Perspectives for Articulatory

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Nov 17, 2013 (3 years and 11 months ago)

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Perspectives for Articulatory
Speech Synthesis

Bernd J. Kröger


Department of Phoniatrics, Pedaudiology, andCommunication Disorders

University Hospital Aachen and RWTH Aachen, Germany

University Hospital Aachen Germany

Bernd J. Kröger

bkroeger@ukaachen.de



Examples: ASS of

Peter Birkholz (2003
-
2007) Univ. of Rostock

application: railway
announcement system

application: dialog system

Outline


Introduction


Vocal tract models


Aerodynamic and acoustic models


Glottis models and noise source models


Control models: Generation of speech movements


Towards neural control concepts


Conclusions

Outline


Introduction: Perspectives


Vocal tract models


Aerodynamic and acoustic models


Glottis models and noise source models


Control models: Generation of speech movements


Towards neural control concepts


Conclusions

Perspectives for Articulatory Speech Synthesis?


Commercial or technical
vs. scientific
:


Is
high quality articulatory speech synthesis
a realistic goal?


Yes!


If we have it:


Advantage in comparison to current corpus
-
based synthesis methods:


Variability


Different voices simply by parameter variation


(sex, age, voice quality)




no need for different corpora


Individual differences in articulation


no need for different corpora



e.g.:

degree of nasalization




individual sound / syllable realizations


Different languages


no need for different corpora

Perspectives for Articulatory Speech Synthesis?


Commercial or technical
vs. scientific goals:


audiovisual speech synthesis:


modeling 3D talking heads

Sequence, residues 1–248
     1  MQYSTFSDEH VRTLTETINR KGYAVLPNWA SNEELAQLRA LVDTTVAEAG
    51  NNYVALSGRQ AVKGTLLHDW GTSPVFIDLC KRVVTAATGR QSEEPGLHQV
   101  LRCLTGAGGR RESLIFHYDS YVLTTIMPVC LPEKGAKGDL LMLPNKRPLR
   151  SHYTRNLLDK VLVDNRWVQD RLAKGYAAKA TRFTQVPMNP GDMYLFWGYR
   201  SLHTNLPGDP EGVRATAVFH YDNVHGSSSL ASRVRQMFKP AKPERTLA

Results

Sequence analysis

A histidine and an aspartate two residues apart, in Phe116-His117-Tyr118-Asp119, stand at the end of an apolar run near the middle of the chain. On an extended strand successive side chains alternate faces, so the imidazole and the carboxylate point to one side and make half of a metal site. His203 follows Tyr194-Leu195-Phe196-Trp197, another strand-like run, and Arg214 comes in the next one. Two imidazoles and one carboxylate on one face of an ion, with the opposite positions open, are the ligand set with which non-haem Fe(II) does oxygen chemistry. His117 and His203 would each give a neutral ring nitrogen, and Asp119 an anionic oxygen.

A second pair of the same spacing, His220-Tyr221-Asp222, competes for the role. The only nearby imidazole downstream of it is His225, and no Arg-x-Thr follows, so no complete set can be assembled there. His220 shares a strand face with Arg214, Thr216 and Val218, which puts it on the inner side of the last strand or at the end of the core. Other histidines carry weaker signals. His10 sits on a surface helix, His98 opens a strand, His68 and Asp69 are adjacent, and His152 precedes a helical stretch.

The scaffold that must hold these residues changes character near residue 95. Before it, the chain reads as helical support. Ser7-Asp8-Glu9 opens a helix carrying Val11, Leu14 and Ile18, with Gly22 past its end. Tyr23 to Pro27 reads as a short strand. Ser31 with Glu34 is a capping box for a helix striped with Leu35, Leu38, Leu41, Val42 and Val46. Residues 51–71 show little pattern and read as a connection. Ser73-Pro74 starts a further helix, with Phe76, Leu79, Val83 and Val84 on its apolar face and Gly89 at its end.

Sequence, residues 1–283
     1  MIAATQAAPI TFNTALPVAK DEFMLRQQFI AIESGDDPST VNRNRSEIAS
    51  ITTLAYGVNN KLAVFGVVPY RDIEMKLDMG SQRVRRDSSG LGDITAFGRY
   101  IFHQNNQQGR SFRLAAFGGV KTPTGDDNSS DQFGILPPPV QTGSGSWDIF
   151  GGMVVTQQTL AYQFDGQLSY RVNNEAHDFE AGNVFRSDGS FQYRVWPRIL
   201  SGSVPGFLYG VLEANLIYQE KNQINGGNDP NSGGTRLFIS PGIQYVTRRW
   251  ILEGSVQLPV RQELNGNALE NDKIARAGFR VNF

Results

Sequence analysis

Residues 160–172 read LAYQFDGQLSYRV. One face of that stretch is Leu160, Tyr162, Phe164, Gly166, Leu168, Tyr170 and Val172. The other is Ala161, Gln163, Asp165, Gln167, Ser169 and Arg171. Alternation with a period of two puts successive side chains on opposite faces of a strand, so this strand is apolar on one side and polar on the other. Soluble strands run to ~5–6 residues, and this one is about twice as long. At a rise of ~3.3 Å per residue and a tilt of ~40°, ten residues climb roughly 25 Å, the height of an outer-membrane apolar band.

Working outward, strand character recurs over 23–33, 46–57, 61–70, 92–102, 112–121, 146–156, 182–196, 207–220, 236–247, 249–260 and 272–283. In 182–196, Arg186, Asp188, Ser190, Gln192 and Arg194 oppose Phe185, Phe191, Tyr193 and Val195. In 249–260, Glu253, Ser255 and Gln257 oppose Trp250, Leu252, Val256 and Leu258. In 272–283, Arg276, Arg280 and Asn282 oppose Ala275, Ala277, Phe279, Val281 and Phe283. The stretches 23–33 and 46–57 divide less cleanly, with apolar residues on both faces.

towards “the virtual human” (avatars)


towards “humanoid robots”


Engwall, KTH Stockholm
(1995
-
2001)

Need for more
natural talking
heads

Perspectives for Articulatory Speech Synthesis?


Scientific perspectives
:


ASS may help to collect and condense knowledge of speech
production:


… of articulation (sound geometries, speech movements,
coarticulation)


… of vocal tract acoustics


… of control concepts: different approaches exist:


neural control: self
-
organization, training algorithms (Kröger et
al. 2007)


gestural control: concept for articulatory movements (Birkholz
et al. 2006, Kröger 1998)


segmental control (Kröger 1998)


corpus
-
based control (Birkholz et al. this meeting)


Outline


Introduction: Components of ASS
-
Systems


Vocal tract models


Aerodynamic and acoustic models


Glottis models and noise source models


Control models: Generation of speech movements


Towards neural control concepts


Conclusions

Components of articulatory speech synthesis

speech signal

control module

vocal tract and glottis model

+

area function


tube model

aerodynamic
-
acoustic simulation

Outline


Introduction


Vocal tract models


Aerodynamic and acoustic models